The notion that women want to be with their kids is crucial to the logic of de Marneffe’s argument. With it, she inverts the whole Friedanian case against domesticity. In de Marneffe’s view, it is a mistake to equate staying at home with forgoing an adult identity, because it is precisely in caring for children that an adult identity is forged. (As I write this, my five-year-old twins are marching around the house, naked, singing, “Ants! Ants! Ants wear underpants!”) She realizes that this notion may strike some as hopelessly regressive; however, she assures us, it is not. —Elizabeth Kolbert —Mother Courage: Kids, Career and Culture (The New Yorker)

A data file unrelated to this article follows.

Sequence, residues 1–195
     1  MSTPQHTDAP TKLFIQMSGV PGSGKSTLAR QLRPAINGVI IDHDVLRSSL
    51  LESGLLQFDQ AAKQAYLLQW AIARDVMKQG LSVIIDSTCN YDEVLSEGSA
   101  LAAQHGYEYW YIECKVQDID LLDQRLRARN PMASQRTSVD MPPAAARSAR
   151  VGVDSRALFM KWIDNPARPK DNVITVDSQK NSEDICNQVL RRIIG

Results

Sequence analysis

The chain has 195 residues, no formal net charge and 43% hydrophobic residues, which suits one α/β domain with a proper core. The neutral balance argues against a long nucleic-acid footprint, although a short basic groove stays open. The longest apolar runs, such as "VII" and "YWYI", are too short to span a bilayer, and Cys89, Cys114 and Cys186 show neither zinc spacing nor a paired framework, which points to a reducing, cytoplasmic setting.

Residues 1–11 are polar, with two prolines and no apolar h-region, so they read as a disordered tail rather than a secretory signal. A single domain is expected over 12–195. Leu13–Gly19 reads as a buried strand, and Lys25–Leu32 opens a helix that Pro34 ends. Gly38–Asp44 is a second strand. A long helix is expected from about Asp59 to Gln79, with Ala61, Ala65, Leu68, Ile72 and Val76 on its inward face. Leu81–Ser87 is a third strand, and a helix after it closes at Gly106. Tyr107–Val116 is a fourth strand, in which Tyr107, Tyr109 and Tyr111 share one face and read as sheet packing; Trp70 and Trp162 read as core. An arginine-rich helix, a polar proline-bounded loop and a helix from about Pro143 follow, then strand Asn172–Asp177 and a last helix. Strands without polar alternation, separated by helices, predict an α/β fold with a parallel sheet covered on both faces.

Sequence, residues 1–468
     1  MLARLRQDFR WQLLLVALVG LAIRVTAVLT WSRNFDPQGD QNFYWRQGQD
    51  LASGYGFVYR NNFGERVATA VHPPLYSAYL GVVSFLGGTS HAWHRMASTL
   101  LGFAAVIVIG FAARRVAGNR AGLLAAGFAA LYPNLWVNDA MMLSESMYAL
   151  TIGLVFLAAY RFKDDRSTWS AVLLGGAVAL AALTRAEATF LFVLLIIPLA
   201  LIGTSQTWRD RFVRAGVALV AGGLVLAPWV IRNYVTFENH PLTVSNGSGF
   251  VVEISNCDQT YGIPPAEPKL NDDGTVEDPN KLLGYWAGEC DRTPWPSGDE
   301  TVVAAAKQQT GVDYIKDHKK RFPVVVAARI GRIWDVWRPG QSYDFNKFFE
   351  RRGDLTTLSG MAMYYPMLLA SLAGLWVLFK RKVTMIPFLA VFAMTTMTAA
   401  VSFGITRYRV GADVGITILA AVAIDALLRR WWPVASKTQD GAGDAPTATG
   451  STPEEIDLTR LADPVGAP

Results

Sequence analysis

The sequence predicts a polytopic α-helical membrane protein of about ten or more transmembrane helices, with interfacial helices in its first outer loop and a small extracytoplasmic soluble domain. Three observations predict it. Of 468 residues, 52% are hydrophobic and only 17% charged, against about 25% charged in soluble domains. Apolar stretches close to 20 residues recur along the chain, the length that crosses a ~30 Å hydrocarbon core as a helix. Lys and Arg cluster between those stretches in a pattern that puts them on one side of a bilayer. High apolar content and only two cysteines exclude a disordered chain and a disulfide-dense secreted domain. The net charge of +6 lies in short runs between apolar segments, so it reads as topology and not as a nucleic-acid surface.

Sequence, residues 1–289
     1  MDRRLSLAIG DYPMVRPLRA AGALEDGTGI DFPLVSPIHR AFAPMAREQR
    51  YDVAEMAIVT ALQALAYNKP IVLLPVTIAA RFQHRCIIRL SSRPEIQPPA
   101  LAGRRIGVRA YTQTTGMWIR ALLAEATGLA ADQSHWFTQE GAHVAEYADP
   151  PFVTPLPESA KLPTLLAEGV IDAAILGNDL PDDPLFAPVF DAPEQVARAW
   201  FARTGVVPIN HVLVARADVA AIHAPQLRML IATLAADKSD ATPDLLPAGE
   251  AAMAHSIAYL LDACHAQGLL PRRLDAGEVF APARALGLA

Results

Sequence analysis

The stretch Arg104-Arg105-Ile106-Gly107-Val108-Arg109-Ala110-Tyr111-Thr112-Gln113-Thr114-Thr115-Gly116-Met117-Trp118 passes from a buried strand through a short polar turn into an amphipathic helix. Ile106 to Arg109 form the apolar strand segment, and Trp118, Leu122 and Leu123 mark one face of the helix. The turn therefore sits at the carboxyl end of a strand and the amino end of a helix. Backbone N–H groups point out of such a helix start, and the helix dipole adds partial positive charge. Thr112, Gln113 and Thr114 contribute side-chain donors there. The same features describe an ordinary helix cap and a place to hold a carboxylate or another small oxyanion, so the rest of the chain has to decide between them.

Note the hilarious parenthetical aside.
The final paragraph of this review highlights classist assumptions that, according to the author, define the modern women’s movement, which seems to include arrangements by which women who want careers outside of the home purchase the services of women to replace them as caregivers and housekeepers. Presumably, these working-class women work, not out of a personal desire, but out of financial necessity.